|Born||December 3, 1953
|Genres||novels, essays, tales, film scripts|
Chamoiseau was born on December 3, 1953 in Fort-de-France, Martinique, where he currently resides. After he studied law in Paris he returned to Martinique inspired by Édouard Glissant to take a close interest in Creole culture. Chamoiseau is the author of a historical work on the Antilles under the reign of Napoléon Bonaparte and several non-fiction books which include Éloge de la créolité (In Praise of Creoleness), co-authored with Jean Bernabé and Raphaël Confiant. Awarded the Prix Carbet (I990) for Chemins d’enfance.  His novel Texaco was awarded the Prix Goncourt in 1992, and was chosen as a New York Times Notable Book of the Year.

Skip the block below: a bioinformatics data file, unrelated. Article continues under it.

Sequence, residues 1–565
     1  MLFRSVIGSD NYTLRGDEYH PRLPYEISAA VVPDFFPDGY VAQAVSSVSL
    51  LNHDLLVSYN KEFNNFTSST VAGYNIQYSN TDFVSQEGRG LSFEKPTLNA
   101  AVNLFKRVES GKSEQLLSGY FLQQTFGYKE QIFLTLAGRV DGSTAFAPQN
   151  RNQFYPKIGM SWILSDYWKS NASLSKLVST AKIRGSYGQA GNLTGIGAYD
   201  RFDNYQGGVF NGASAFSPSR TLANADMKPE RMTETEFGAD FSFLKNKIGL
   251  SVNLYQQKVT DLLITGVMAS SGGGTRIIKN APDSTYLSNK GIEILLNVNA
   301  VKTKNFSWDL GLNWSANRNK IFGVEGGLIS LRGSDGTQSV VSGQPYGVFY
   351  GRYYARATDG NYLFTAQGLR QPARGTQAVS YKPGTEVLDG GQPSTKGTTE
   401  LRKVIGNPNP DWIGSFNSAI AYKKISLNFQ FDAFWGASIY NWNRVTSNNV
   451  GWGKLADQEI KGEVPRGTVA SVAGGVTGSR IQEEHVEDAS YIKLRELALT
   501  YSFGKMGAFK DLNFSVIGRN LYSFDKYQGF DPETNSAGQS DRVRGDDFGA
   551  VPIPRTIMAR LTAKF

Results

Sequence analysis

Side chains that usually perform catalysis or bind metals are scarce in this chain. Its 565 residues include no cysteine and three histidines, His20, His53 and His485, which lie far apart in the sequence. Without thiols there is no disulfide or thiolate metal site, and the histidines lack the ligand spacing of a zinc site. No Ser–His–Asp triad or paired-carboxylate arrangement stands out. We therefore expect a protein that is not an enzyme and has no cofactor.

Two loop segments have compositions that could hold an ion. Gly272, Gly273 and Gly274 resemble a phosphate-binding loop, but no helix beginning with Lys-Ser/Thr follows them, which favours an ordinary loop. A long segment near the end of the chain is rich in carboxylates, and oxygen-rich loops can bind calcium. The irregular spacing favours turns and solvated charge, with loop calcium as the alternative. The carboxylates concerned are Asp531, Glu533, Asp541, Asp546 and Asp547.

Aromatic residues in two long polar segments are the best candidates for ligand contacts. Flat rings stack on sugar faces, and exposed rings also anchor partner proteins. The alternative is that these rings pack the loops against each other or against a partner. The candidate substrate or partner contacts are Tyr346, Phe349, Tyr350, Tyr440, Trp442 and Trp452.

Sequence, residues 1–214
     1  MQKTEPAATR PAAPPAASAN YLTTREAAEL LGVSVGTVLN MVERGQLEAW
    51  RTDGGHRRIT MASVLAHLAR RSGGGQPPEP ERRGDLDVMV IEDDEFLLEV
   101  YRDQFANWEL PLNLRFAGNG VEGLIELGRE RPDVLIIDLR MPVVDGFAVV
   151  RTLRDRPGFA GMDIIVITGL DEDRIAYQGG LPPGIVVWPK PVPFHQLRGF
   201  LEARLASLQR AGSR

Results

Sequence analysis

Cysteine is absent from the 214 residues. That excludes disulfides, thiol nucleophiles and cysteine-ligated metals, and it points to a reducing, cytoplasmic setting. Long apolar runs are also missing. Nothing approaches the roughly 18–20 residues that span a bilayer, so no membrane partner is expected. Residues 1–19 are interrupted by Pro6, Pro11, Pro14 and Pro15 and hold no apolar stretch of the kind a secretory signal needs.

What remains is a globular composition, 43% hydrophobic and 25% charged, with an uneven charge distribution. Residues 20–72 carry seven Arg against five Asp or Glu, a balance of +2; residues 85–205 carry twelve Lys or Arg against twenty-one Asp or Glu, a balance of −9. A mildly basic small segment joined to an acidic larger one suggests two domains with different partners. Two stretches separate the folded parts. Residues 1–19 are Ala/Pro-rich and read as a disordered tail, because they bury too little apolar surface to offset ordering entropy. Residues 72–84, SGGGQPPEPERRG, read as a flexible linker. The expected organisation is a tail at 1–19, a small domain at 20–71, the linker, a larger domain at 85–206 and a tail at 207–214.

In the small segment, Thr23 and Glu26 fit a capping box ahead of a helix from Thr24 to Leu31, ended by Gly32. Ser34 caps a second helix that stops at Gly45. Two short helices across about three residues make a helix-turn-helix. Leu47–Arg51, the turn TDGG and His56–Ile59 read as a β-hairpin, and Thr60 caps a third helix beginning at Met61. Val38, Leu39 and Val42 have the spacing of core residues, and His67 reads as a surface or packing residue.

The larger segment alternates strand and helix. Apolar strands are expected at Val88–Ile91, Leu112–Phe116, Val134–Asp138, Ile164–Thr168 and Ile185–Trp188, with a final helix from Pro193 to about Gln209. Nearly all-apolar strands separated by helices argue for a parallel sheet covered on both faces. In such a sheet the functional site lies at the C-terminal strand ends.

Chamoiseau may also safely be considered as one of the most innovative writers to hit the French literary scene since Louis-Ferdinand Céline. His freeform use of French language — a highly complex yet fluid mixture of constant invention and "creolism" — fuels a poignant and sensuous depiction of Martinique people in particular and humanity at large.
Antan d'enfance, Chemin d'école and À Bout d'enfance form the autobiographical trilogy: Une enfance Créole.